Rio Tinto Alcan Inc. v. Carrier Sekani Tribal Council

Supreme Court of Canada – [2010] 2 S.C.R. 650

British Columbia Aboriginal rightsConsultationHonour of the CrownTraditional territory

This decision confirmed that First Nations can obtain compensation for lack of consultation. Any effect on an Aboriginal right must be harmful and novel in order to trigger a duty to consult. If the resource was modified a long time ago and the government action poses no new threat, the obligation is to compensate and not to consult.


 […] the duty to consult arises when: (1) the Crown has knowledge, actual or constructive, of potential aboriginal claims or rights; (2) the Crown proposes conduct or a decision; and (3) that conduct or decision may have an adverse impact on the Aboriginal claims or rights.  This requires demonstration of a causal connection between the proposed Crown conduct and a potential adverse impact on an Aboriginal claim or right. (para. 51 of the decision)


Is the British Columbia Utilities Commission (the “Commission”) required to consider the issue of consultation with the CSTC First Nations in determining whether the sale of excess power from a dam to a Crown corporation is in the public interest? Does the duty to consult apply in situations where a land claim is pending?


The Commission was correct in not considering the possibility of consultation with the CSTC First Nations. Although the duty to consult can apply in situations where a claim or right has not yet been proven, it cannot be triggered as a remedy for a previous failure to consult. The sale of excess power to the British Columbia Hydro and Power Authority (“BC Hydro”) does not present any new risk of harm to Aboriginal interests and so there is no new duty to consult (unanimous decision).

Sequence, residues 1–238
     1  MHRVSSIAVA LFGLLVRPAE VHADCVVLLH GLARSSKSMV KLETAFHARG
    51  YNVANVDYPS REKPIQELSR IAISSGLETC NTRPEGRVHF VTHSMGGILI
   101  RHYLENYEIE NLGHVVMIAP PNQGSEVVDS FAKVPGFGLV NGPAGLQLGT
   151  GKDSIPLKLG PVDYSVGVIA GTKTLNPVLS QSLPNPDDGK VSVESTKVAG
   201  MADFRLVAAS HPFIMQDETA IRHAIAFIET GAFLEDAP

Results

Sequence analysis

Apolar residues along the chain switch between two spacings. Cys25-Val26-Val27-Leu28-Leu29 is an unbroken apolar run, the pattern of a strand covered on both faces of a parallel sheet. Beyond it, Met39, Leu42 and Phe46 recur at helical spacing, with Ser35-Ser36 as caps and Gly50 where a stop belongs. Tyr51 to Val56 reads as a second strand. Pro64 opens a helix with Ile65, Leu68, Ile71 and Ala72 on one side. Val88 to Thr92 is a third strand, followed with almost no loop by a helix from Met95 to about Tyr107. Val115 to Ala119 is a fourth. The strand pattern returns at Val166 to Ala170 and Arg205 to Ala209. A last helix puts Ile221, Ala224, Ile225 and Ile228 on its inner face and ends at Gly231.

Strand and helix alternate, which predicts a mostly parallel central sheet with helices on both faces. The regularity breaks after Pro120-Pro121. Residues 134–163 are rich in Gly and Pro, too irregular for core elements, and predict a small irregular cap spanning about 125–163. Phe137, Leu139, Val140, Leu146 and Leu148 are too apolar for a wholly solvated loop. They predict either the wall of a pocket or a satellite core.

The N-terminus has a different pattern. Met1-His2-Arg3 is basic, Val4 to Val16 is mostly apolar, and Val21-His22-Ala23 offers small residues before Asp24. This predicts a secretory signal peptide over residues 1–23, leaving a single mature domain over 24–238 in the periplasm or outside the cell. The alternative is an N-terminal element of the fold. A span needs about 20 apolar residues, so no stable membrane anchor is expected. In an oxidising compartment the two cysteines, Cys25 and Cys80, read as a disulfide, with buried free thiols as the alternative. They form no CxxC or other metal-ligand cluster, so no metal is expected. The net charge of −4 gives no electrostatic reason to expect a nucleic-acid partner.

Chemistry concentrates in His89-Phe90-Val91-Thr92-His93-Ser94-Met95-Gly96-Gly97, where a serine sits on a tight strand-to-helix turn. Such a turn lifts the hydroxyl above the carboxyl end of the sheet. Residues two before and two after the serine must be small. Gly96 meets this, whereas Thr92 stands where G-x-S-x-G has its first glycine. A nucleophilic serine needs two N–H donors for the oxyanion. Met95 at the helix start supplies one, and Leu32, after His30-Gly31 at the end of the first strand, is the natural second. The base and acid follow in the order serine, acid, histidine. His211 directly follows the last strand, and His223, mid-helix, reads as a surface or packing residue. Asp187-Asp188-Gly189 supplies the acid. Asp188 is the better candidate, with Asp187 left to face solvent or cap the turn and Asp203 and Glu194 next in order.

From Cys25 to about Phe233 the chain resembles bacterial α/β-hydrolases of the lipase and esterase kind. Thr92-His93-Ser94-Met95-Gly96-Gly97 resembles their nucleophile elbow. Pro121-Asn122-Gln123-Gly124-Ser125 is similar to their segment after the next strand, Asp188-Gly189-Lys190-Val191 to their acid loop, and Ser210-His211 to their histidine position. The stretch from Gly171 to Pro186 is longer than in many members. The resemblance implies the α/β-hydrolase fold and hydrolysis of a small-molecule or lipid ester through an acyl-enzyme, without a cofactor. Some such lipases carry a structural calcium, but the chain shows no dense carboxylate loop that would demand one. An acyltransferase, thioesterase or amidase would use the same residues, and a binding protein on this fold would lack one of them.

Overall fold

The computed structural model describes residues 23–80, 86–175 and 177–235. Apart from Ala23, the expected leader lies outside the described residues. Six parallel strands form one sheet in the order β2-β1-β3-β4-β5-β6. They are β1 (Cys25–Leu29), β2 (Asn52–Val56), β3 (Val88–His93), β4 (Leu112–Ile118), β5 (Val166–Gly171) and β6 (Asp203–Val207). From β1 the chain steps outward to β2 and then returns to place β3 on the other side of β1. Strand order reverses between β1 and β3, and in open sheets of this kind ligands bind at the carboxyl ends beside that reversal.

Between: Rio Tinto Alcan Inc. and British Columbia Hydro and Power Authority

And: Carrier Sekani Tribal Council (CSTC)

Interveners: Canada, Ontario, British Columbia, Alberta, British Columbia Utilities Commission, Mikisew Cree First Nation, Moosomin First Nation, Nunavut Tunngavik Incorporated, Nlaka’pamux Nation Tribal Council, Okanagan Nation Alliance, Upper Nicola Indian Band, Lakes Division of the Secwepemc Nation, Assembly of First Nations, Standing Buffalo Dakota First Nation, First Nations Summit, Duncan’s First Nation, Horse Lake First Nation, Independent Power Producers Association of British Columbia, Enbridge Pipelines Inc. and TransCanada Keystone Pipeline GP Ltd.


The Nechako River in Northwest British Columbia is crucial to the fishing and sustenance activities of the Carrier Sekani Tribal Council (CSTC) First Nations. In the 1950s, the Kenney dam was built without their consultation. The dam affected the timing and amount of water flows into the Nechako River, which had an impact on existing fisheries on lands claimed by the CSTC First Nations.

In 1987, Rio Tinto and the government entered into an agreement to allow the release of waters to regularize the water flow and preserve the fish stock. Since 1961, the excess electricity generated by the dam has been sold to the Crown corporation, BC Hydro. In 2007, Rio Tinto entered into an Energy Purchase Agreement (“EPA”) with BC Hydro, in which it committed to selling excess power generated from the dam. The CSTC First Nations claim the Nechako Valley as their ancestral homeland, as well as the right to fish in the Nechako River.


Rio Tinto Alcan: The duty to consult with regards to the 2007 EPA does not exist. As such, there is no obligation for the Commission to consider the possibility of consultation.

 Carrier Sekani Tribal Council: The issue of consultation should have been heard before the Commission. The duty to consult applies because the 2007 EPA is part of a larger hydro-electric project which has a continuing impact on Aboriginal rights.

Decision of the lower courts

The British Columbia Utilities Commission: Dismissed the CSTC’s application to reconsider the decision to exclude the consultation process on the grounds that the 2007 EPA would not introduce new adverse effects on the pending claims or rights of the CSTC First Nations. The failure to consult on the initial project of building the dam was not sufficient to trigger a duty to consult.

The B.C. Court of Appeal: The honour of the Crown obliged the Commission to consider the possibility of consultation. A contract made in violation of the Crown’s constitutional duty could not possibly be in the public interest.